This means that if the property ends up having to be repossessed, lenders will only face losses of 5%, with the Government paying them back them the remainder.
The guarantee only lasts for seven years, and lenders can charge any interest rates they like. In return for the guarantee, lenders have to pay the government a fee of up to 0.9% of the value of the mortgage to cover any possible taxpayer losses if borrowers default on their repayments.
HSBC has launched two fixed rate Help to Buy mortgages. The first is a two-year fixed rate deal at 4.79%, and comes with a £99 booking fee. The second deal is a 4.99% five-year fix, again with a £99 booking fee. Both deals are available to borrowers with just a 5% deposit to put down.
Brendan Cook, head of retail banking and wealth management for HSBC UK said: “We want to support our customers, whether they are buying their first home or moving up the housing ladder. In order to protect them, we want to ensure they can afford their repayments when interest rates rise.”
However, regardless of the value of the property they are buying, borrowers choosing one of these mortgages will be required to put down a minimum deposit of £10,000. HSBC says this is to safeguard customers in the event of future house price fluctuations.
Importantly, HSBC’s new mortgages currently only available to those looking to purchase a property, and not people looking to remortgage, so won’t help existing homeowners. The bank said it will look at offering these loans to remortgage customers at a later date.
HSBC's 5% deposit mortgages are NOT available fo new-build properties. They are also only available from HSBC direct, and not through brokers.
Alternative Help to Buy deals
Other banks which have committed offering 95% deals under the mortgage guarantee element of Help to Buy are RBS/NatWest, Halifax, Woolwich, Santander and Leeds, Cumberland, Teachers, Dudley, Newbury and Chorley building societies.Other banks which have committed offering 95% deals under the mortgage guarantee element of Help to Buy are RBS/NatWest, Halifax, Woolwich, Santander and Leeds, Cumberland, Teachers, Dudley, Newbury and Chorley building societies.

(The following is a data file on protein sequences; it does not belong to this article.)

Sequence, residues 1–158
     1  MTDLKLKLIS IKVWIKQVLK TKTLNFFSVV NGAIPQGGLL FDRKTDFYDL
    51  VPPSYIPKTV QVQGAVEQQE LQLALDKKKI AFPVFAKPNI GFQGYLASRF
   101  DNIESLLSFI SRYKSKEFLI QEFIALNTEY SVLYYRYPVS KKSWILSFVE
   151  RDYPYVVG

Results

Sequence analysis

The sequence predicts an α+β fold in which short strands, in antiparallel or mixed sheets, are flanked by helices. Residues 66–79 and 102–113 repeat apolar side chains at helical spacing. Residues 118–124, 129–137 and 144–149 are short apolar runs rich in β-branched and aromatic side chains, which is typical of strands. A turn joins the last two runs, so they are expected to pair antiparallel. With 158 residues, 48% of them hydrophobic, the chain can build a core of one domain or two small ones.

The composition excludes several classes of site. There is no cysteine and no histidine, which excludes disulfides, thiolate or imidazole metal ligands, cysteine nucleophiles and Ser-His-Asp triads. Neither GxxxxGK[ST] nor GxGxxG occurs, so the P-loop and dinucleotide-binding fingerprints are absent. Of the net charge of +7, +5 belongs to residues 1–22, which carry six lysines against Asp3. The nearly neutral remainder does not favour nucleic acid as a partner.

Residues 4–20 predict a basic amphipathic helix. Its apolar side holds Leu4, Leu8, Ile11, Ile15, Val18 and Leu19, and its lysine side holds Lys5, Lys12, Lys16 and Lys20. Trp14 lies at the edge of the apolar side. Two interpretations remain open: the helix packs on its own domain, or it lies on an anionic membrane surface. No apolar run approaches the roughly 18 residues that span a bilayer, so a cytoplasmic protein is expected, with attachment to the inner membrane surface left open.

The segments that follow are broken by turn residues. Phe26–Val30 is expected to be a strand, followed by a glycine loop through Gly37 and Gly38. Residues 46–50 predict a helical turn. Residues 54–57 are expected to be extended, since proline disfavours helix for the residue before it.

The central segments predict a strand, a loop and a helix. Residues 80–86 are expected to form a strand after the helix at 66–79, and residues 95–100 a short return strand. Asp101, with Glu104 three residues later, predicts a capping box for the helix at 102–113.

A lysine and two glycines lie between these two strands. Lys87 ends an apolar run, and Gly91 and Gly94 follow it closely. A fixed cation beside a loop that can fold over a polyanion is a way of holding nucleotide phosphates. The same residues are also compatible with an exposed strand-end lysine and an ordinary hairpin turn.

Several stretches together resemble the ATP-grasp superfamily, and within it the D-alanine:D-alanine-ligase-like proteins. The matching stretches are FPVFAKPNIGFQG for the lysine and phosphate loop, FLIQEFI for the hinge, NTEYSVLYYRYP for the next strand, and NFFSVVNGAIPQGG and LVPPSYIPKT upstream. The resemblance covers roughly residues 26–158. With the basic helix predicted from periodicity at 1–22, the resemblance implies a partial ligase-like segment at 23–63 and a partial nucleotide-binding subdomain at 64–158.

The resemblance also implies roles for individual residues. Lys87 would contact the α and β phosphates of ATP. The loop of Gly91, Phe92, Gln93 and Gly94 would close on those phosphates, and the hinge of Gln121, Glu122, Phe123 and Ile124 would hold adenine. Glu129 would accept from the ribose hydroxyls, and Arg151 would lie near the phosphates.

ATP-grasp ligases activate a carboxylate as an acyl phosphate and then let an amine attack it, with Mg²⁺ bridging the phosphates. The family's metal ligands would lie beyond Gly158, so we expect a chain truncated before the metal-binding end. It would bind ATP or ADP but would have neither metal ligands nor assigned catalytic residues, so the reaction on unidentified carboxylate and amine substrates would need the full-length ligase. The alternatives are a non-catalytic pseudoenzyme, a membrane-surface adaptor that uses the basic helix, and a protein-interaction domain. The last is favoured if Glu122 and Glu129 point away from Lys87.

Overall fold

However, until today, only RBS/NatWest and Halifax have actually produced the rates they will offer under this scheme. RBS/NatWest are offering a two-year fixed rate at 4.99%, with no fee, while Halifax is offering a two-year fixed rate deal at 5.19% with a £995 fee.
David Hollingworth, of mortgage broker London & Country Mortgages said; “With other major lenders already signed up to participate in the second part of Help to Buy it looks like the 95% market will only open more and increased competition should only be a good thing for first time buyers and homemovers. Borrowers will need to be able to tick all the boxes though and better product availability does not equate to a relaxation in criteria.”
How the deals stack up
Although the Help to Buy rates announced so far are competitive, there are other low-rate mainstream deals available to those with a 5% deposit to put down – in other words, outside the Help to Buy scheme.
For example, Yorkshire Building Society yesterday launched a range of 95% deals for house purchase purposes (though you don’t have to be a first-time buyer). And these deals will extend to remortgagers from early 2014.
The deals include a market-leading 4.59% two-year fixed rate offered through Yorkshire’s subsidiary brand, the Chelsea Building Society. This deal has a £1,545 arrangement fee but there is a two-year fee free fixed rate available at 4.89% with no fee at all – and £500 cashback thrown in. You can read more about these deals here.